The following is a guest post by Nate Collins (PhD candidate, Southern Seminary), the creator of New Testament Greek Paradigms: An Interactive Reference Guide.
When I first started learning New Testament Greek during my early grad-school days, my second-hand copy of Bill Mounce’s classic grammar textbook was a constant companion. I deeply resonated with his morphological approach to learning Greek grammar in those early years, in large part because I recognized the wisdom of learning principles and patterns of word formation instead of memorizing paradigm after paradigm after paradigm. (For non-language nerds, “morphology” refers to how words are formed, often in relation to the way they are used in a particular sentence.)
After my first semester of teaching a seminary-level introductory course on Greek grammar, however, I realized that I had been operating under the assumption that teaching Greek morphology was somehow sufficient in itself, leaving no room at all for any kind of rote memorization. Like countless other life lessons, a balance between the two must be struck. In the case of learning Greek, the morphological principles themselves must be memorized, but one must also practice applying them in order to gain a deeper understanding of word formation and therefore build a lasting foundation for learning how to use the language.
In order to aid this process for students, I have developed a digital collection of noun, adjective, and verb paradigms and organized them together in a single, easy-to-use interactive ebook that is now available on the iBookstore. Furthermore, even though the resource is optimized for mobile viewing (with on-screen navigational icons and buttons that enable users to toggle between various related paradigms), the resource can also be viewed on any Apple device with iBooks installed, including desktop and laptop computers (not recommended for iPhone 4s or earlier).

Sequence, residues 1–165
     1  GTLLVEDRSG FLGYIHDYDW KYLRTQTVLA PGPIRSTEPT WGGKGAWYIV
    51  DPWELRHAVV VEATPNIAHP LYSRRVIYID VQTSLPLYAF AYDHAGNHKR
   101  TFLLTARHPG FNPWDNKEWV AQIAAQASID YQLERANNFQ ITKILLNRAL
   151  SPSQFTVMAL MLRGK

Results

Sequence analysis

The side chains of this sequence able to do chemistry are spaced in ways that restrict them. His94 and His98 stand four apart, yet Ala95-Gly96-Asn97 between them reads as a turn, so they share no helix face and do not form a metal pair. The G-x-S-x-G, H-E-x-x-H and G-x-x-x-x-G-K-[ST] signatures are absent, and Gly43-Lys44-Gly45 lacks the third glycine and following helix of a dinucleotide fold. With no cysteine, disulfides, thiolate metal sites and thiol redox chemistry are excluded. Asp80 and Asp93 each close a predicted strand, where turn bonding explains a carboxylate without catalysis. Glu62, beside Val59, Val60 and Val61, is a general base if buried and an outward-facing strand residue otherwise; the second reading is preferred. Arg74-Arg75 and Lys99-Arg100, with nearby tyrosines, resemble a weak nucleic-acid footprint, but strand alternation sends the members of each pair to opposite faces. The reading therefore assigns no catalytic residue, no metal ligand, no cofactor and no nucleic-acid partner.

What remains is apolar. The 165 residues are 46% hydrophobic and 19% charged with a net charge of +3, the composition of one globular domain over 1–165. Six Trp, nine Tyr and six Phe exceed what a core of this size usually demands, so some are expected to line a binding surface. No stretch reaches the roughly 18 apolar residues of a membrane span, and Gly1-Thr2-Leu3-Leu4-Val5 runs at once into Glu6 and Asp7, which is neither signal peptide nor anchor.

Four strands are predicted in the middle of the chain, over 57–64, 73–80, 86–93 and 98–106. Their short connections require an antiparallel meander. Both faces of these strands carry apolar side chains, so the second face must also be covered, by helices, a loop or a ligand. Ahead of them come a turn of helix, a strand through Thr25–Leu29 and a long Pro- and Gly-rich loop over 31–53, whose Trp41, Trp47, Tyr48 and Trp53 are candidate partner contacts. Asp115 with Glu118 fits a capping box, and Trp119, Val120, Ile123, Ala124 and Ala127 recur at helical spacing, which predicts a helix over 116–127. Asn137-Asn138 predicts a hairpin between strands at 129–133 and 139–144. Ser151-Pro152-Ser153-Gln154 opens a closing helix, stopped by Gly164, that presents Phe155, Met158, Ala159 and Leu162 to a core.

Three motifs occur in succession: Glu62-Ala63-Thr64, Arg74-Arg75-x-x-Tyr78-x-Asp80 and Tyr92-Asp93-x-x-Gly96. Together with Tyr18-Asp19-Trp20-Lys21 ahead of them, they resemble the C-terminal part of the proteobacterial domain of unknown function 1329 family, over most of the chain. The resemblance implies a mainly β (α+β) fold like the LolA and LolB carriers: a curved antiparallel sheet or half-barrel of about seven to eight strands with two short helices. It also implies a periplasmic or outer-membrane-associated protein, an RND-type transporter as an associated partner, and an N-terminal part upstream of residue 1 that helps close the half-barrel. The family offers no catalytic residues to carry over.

Finally, I built the collection with students in mind, who ought to—at least in my opinion—eventually learn how to reproduce paradigms on-demand. In order to make this learning process easier and more streamlined, a button at the bottom of each paradigm will temporarily hide every form on the current chart while students are trying to memorize the paradigm. If the student can’t remember a particular form, he or she can simply touch the button on top of that form and the word will reappear… and only that word. By keeping the rest of the paradigm hidden students can more easily force themselves to remember the other forms of the paradigm.
Biblical language study is too important to spend an entire semester (or two) learning the principles of grammar and morphology, only to forget the practical function of these principles by not mastering the process of using them. Don’t shortchange the process. Learn the basics of declension endings, personal endings, theme vowels and tense formatives… and then practice using this knowledge in drill after drill after drill. Five years later, when you are neck-deep in sermon preparation and church ministry, you will be grateful for this phase of basic training.
Find it here on the iTunes store.
Nate also wants to give away a copy of his new e-book! Enter below to win.